#19 of 60 national parks in United States of America

Best bird watching trails in Guadalupe Mountains National Park

1,735 Reviews
Explore the most popular bird watching trails in Guadalupe Mountains National Park with hand-curated trail maps and driving directions as well as detailed reviews and photos from hikers, campers and nature lovers like you.
Map of bird watching trails in Guadalupe Mountains National Park
Park information
Acreage:
86,415 acres
Park hours
Monday
All day
Tuesday
All day
Wednesday
All day
Thursday
All day
Friday
All day
Saturday
All day
Sunday
All day
Contact
(915) 828-3251
Top trails (12)
#1 - Guadalupe Peak Texas Highpoint Trail
Guadalupe Mountains National Park
hardYellow StarYellow StarYellow StarYellow StarYellow StarYellow StarYellow StarYellow StarYellow StarYellow Star(1380)
Length: 9 mi • Est. 5 h 37 m
The hike up Guadalupe Peak is a rewarding, although very strenuous hike. It will take from 6 to 8 hours to complete the round trip hike. The hike provides fantastic views from the highest point in the state of Texas (8,749). It also introduces hikers to several of the parks ecosystems including the high desert and the high elevation forests. The trail starts at the RV section of the Pine Springs Campground (1/2 mile from the Pine Springs Visitor Center check in at the visitor center, then turn right out of the visitor center parking lot). Follow the signs for Guadalupe Peak Trail. Follow the hiker trail; the horse trail will add about 1 extra mile to the trip (although it is less steep). You will encounter the steepest part of the hike in the first mile and a half, as the trail switchbacks up the first steep slope. Be sure not to cut across the switchbacks, as this causes accelerated erosion. The views will get better with every switchback you climb. After about a mile and a half, the trail will become less steep as it passes a cliff and then turns around to the north-facing slope. Here, hikers will discover a small forest of pinion pine, south-western white pine, and Douglas fir. The forest exists here since on a north-facing slope there is not as much sunlight. The slightly cooler, shadier climate allows these pines to survive. After nearly three miles the trail will top out at a false summit. It is still a little more than a mile to the actual summit. The trail will flatten out for a short distance as it passes through a sparse forest of ponderosa pine. The backcountry campsite for overnight backpackers is on this summit. After passing the backcountry campsite, the trail descends slightly and crosses a wooden bridge. After the bridge, the trail begins the final climb to the summit. After only a few switchbacks, the top of El Capitan will dominate the view to the south. Eventually you will pass the horse hitching posts and arrive at the summit, where on a clear day you will be rewarded with a tremendous view of the surrounding mountains and desert.Show more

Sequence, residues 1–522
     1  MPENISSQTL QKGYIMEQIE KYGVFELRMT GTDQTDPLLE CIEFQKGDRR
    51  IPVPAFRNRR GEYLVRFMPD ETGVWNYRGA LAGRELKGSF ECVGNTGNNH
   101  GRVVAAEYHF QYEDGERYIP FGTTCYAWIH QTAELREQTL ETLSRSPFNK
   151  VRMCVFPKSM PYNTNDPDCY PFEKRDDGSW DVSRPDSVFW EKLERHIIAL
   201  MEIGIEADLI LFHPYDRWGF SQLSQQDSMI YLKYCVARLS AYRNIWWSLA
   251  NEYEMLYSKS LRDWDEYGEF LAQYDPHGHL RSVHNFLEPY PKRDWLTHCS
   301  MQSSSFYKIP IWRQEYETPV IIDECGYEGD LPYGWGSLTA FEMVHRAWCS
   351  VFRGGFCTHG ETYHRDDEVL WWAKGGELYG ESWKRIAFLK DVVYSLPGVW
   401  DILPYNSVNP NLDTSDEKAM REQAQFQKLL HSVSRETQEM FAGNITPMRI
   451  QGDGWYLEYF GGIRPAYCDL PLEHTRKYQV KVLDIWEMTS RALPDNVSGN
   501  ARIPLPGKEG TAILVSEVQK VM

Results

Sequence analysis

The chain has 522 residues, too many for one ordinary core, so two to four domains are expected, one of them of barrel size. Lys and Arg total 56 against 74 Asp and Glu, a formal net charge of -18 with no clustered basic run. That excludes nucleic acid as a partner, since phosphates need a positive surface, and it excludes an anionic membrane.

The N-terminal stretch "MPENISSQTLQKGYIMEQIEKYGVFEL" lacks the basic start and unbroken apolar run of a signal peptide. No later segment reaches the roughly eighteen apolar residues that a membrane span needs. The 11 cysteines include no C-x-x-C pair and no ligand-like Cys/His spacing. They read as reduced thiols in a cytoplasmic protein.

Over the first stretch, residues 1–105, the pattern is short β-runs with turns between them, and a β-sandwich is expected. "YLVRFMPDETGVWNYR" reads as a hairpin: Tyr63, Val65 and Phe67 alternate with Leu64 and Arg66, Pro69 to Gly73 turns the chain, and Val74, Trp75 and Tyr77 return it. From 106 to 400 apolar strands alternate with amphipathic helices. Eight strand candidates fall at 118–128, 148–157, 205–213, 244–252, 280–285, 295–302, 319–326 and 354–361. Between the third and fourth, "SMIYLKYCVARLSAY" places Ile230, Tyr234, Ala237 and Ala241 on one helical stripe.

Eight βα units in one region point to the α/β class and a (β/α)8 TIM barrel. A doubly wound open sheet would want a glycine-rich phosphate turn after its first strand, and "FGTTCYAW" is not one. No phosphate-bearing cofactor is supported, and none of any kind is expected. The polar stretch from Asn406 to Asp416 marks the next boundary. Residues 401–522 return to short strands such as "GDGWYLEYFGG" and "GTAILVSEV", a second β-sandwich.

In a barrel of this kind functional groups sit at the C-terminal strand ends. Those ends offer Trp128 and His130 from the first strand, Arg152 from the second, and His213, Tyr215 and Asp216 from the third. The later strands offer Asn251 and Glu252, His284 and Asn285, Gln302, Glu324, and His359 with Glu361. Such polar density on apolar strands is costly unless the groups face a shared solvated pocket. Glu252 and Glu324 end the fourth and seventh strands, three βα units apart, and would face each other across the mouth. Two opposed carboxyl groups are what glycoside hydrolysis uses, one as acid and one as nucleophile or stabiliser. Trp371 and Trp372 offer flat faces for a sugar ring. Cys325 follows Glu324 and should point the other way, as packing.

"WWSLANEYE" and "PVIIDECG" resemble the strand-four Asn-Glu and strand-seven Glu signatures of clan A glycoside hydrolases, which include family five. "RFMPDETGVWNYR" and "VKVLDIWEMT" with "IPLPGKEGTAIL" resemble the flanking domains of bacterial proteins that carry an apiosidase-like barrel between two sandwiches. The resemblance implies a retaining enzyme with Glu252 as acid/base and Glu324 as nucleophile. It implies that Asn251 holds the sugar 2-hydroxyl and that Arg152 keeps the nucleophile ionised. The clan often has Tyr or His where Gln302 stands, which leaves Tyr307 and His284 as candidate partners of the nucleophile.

#2 - Smith Spring Trail
Guadalupe Mountains National Park
easyYellow StarYellow StarYellow StarYellow StarYellow StarYellow StarYellow StarYellow StarYellow StarGray Star(174)
Length: 2.4 mi • Est. 1 h 14 m
Hike to an oasis in the desert.Show more
#3 - Pratt Lodge via McKittrick Canyon Trail
Guadalupe Mountains National Park
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Length: 4.8 mi • Est. 2 h 10 m
#4 - Pine Springs to McKittrick Canyon
Guadalupe Mountains National Park
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Length: 17.7 mi • Est. 9 h 53 m
#5 - The Bowl and Hunter Peak via Frijole and Bear Canyon Trails
Guadalupe Mountains National Park
hardYellow StarYellow StarYellow StarYellow StarYellow StarYellow StarYellow StarYellow StarYellow StarYellow Star(9)
Length: 8.4 mi • Est. 5 h 27 m